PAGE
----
The palace’s gardens were said to produce the finest strawberries in London, in honour of which a “Strawberrie Fayre” is still held nearby  every June.  In a scene in “Richard III”, Gloster says to Ely:

“My Lord of Ely, when I was last in Holborn, I saw good strawberries in your garden there; I do beseech you, send me some of them”.

The palace’s Great Hall was famed for its banquets.  One such, in 1531, attended by the then king, Henry VIII and his queen,  Catherine of Aragon, is said to have lasted for five days!  According to surviving records, the guests managed to get  through 24 oxen, 51 cows, 91 pigs, 100 sheep, 168 swans, 444 pigeons, 720 chickens and over 4000 larks!

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In 1576, the palace was ordered by Elizabeth I to be leased to  her  favourite Sir Christopher Hatton, for a rent of £10 a year, ten loads of hay, and a rose picked at mid-summer.   It remained more or less continuously  in the possession of the Hatton family until the death of the last Lord Hatton in 1772, when it was finally demolished to make way for what is now Hatton Garden.

 

 

 

 

 

Lightning strikes “old” St Paul’s – again (1561)

3 - Visscher panorama of 1616 showing old St Paul's without spire

On this day in 1561, “old” St Paul’s Cathedral (*) lost its spire in a lightning strike.  The following is an account of the event from a  news-sheet of the time:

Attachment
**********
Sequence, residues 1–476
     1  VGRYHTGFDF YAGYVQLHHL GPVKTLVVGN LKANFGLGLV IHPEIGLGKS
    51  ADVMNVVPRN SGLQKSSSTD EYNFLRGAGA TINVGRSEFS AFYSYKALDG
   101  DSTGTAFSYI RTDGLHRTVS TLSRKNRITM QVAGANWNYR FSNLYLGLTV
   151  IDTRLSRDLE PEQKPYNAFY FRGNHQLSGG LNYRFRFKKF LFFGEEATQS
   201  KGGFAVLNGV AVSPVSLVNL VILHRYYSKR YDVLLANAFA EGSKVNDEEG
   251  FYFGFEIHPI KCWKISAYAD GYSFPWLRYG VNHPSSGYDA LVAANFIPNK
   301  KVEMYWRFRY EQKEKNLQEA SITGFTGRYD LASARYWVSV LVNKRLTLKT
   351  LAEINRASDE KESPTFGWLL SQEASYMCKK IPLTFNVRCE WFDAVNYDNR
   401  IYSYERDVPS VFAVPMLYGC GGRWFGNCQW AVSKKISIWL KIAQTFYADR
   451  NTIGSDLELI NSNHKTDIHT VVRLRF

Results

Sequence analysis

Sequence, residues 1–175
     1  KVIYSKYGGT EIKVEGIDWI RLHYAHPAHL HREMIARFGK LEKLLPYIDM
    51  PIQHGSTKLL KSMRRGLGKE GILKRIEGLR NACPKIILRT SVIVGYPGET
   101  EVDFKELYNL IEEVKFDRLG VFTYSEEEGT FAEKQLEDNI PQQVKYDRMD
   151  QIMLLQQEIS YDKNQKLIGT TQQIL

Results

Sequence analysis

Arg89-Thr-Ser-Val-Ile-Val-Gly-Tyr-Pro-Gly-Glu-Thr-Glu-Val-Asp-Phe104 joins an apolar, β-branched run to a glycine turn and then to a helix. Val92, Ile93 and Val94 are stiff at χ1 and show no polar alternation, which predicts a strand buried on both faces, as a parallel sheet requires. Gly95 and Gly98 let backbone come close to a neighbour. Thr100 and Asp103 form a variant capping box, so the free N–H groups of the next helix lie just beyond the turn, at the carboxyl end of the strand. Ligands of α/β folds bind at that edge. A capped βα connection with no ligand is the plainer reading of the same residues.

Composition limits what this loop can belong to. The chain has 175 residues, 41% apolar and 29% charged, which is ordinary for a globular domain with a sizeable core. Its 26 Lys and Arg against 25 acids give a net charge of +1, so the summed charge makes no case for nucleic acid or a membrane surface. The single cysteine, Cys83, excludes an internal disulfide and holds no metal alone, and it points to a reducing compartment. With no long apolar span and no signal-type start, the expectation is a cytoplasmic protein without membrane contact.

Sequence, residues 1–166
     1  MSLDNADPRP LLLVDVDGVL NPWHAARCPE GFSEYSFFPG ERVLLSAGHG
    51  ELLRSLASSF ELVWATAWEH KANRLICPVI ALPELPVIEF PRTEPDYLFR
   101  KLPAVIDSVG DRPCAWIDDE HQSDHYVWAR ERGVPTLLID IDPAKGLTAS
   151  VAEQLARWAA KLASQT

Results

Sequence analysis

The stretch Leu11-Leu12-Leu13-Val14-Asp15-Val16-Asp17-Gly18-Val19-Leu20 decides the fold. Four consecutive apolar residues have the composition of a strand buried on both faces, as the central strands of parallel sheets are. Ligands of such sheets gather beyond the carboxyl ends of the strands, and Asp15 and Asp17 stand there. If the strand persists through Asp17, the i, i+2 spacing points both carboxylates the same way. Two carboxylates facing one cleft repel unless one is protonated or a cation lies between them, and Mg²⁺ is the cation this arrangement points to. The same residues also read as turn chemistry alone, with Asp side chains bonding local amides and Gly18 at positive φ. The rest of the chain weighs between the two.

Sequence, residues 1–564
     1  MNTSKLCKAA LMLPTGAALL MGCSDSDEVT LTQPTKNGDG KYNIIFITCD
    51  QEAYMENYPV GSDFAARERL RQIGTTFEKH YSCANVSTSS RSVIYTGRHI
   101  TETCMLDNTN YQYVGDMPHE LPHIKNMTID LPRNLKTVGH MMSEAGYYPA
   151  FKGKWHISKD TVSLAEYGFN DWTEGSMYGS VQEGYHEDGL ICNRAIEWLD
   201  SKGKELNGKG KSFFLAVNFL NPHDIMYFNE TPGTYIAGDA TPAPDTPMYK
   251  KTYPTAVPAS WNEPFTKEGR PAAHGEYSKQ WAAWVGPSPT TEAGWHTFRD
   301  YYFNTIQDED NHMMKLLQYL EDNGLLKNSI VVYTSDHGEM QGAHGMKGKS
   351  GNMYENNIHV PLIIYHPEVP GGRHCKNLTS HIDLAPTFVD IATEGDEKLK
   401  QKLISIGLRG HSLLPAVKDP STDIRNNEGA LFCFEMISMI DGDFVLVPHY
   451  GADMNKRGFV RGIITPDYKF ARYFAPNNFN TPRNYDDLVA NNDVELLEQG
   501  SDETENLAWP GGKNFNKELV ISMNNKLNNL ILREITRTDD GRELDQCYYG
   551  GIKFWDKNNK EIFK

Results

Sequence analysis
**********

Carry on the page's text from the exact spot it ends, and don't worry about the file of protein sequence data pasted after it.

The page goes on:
“… [B]etween one and two of the clock at afternoon was seen a marvellous great fiery lightning, and immediately ensued a most terrible hideous crack of thunder such as seldom hath been heard, and that by estimation of sense, directly over the City of London.  … Divers persons in time of the said tempest being on the river of Thames, and others being in the fields near adjoining to the City affirmed that they saw a long and spear-pointed flame of fire (as it were) run through the top of the broach or shaft of Paul’s steeple, from the east westward.  And some of the parish of St Martin’s [Ludgate] being then in the street did feel a marvellous strong air or whirlwind with a smell like brimstone coming from Paul’s Church. …  Between four and five of the clock a smoke was espied … to break out under the bowl of the said shaft … .  But suddenly after, as it were in a moment, the flame broke forth in a circle like a garland round about the broach, … and increased in such wise that within a quarter of an hour or a little more, the cross and the eagle on the top fell down upon the south cross aisle … .

Some there were, pretending experience in wars, that counselled the remnants of the steeple to be shot down with cannons, which counsel was not liked … .  Others perceiving the steeple to be past all recovery, considering the hugeness of the fire and the dropping of the lead, thought best to get ladders and scale the church, and with axes to hew down a space of the roof of the church to stay the fire, at the least to save some part of the church: which was concluded”.